So he doesn't see himself as black. And, Oprah, neither should you! Michael Vick, you're not black either! Neither are you, Ray Lewis! The whole black/white thing was a LIE, cooked up by evil bastards who wanted an excuse to exploit their fellow human beings for slave labor. How DARE you fuckheads keep that ridiculous falsehood alive! That goes for you clowns in the media, too! The scientific fact is that we are all ONE HUMAN RACE! Period! We aren't different colors. We're different shades of the SAME color! It's high time our use of language stopped pretending that we're separate. It's high time that we recognized ourselves as the like-kindred we are.

If we look up to Thomas Jefferson as a hero, even though he fucked black slaves, then we should also look to Tiger Woods as a hero, even though he fucked white women who are not only not slaves, but could have any man they want. They wanted Tiger. Get over it.

So yeah, he's my new hero. I think he is to a lot of other people, too. The question now is, will he ever come to realize it?


Saturday, December 12, 2009

Obama's Nobel Peace Prize

So our beloved trophy-president has been awarded, and now accepted, the Nobel Peace Prize. His speech, which as usual was enlightening and insightful, was oddly themed with numerous references to war, and the necessity of war to maintain the peace. This has been lampooned by those on the left, as well as hailed by those on the right, and left a whole shitload of people in the middle wondering just what sort of president we've gotten, here. But mostly, it's been flatly commented that Obama has done very little to deserve his Nobel Prize, and as such, doesn't really deserve it.

Now, I'll admit, it does seem like our President hasn't done much yet. In fact, at first glance, it doesn't seem like he's done anything, yet. He's named Sotomayor as a Supreme Court Justice, passed another economic stimulus bill, and is about to sign into law an absolute joke of a health care bill, but other than that, what is there? And to add to the irony, he's just recently added 30K worth of troops to Afghanistan. (See my previous blog post on that one.) Obama himself called his accomplishments "slight," and pointed out that he is "at the beginning of [his] presence on the world stage, rather than at the end."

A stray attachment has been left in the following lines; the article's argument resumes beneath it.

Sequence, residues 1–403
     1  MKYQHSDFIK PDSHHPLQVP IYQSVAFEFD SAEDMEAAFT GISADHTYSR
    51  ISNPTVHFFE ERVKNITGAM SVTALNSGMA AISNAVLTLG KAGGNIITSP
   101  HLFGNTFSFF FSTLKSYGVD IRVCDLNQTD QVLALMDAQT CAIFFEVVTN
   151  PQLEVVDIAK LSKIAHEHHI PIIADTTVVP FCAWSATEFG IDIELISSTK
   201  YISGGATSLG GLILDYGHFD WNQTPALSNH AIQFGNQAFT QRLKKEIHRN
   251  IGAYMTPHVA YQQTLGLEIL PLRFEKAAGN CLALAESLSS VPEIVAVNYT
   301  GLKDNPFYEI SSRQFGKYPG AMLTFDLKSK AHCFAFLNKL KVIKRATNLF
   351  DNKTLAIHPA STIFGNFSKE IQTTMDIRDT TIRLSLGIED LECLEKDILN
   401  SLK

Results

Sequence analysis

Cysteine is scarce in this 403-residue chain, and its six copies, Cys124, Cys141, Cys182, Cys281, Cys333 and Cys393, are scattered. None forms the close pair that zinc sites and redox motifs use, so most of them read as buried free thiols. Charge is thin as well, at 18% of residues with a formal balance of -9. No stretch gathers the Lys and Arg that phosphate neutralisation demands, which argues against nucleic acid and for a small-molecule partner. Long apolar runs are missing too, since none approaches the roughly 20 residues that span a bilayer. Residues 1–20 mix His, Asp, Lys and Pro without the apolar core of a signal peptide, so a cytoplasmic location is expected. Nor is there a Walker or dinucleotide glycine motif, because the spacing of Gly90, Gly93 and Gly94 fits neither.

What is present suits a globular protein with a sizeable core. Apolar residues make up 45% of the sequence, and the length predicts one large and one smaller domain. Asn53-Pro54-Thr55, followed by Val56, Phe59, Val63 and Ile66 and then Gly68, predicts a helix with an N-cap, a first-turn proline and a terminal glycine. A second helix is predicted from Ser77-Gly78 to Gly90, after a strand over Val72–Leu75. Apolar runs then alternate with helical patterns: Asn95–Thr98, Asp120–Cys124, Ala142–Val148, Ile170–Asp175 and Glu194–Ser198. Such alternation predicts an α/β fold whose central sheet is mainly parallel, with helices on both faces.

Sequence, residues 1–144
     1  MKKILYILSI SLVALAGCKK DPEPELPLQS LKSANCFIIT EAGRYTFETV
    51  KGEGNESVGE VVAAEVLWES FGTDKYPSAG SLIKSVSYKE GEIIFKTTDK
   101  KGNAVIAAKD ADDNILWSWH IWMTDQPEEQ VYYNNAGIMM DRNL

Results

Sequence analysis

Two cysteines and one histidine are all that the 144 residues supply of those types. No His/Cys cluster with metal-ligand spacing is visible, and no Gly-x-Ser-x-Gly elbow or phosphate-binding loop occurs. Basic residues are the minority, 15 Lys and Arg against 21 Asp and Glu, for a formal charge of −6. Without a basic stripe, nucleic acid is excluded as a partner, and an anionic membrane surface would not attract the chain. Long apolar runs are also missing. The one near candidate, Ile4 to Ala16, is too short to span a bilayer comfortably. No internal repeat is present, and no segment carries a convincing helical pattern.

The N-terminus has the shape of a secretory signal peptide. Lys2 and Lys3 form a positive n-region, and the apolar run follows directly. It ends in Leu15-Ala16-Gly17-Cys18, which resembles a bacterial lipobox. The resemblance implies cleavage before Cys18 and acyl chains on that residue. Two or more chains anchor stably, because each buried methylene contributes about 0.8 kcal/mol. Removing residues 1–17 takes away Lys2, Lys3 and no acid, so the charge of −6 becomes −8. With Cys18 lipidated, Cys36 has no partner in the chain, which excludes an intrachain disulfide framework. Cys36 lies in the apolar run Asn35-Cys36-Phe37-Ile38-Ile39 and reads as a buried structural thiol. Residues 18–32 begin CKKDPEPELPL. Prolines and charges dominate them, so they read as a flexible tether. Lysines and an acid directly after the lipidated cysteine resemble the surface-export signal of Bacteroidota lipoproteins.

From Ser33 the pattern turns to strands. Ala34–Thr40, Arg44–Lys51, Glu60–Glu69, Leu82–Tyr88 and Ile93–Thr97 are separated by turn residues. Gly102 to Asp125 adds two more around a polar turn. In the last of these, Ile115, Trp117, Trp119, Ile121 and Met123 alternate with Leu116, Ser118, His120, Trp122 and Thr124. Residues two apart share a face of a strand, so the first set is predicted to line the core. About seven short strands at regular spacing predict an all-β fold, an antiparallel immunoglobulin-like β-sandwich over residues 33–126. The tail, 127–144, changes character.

However, I take issue with those who say that this is something akin to giving a new model of car an award for durability after its first year on the road. It's not like we're giving Sarah Palin a Pulitzer Prize for Literature, here! I would argue that he's accomplished quite a lot in his short time. Let me list what he's done so far:

Let's not forget what he did as an Illinois State Senator. All during Obama's presidential campaign, the so-called liberal media kept quiet about this, making it seem as though he were an empty suit. But during that early time, he brokered a bipartisan deal to prevent racial profiling by the police, rallied funding to keep daycare centers open for working mothers, and garnered support from Chicago police districts in winning reforms of death penalty regulations. Bear in mind, rallying police behind a black politician is difficult even on the Republican ticket. (It's a shame Barack didn't live in L.A.!) He was a pretty good candidate for president right there, if only the media would have bothered to mention it once in a while. (I had to learn it on fucking Wikipedia, for shit's sake!) It was almost as if it were mutually agreed among all national news sources that State legislation was something akin to minor-league ball, and didn't count. Bullshit to that, I say.

Let's also not forget his real estate deal with Tony Rezko. "What?" you say. "You count the land deal with Rezko among his accomplishments?!" You bet your ass I do! Here's why:

Yes, the Obamas wanted to buy a house, but it was beyond their price range. Rezko offered to buy some of the adjoining land, which lowered the overall price on the remaining real estate. Rezko probably wanted some later political kickback in return for doing this. But what this this dirty crook get? Nothing! That's right, absolutely nothing! Zip! Zilch! Nada! In short, people, our current president did a deal with a crook all right, and swindled him! Bully for Obama! Haven't we always wanted a president who could cheat the devil?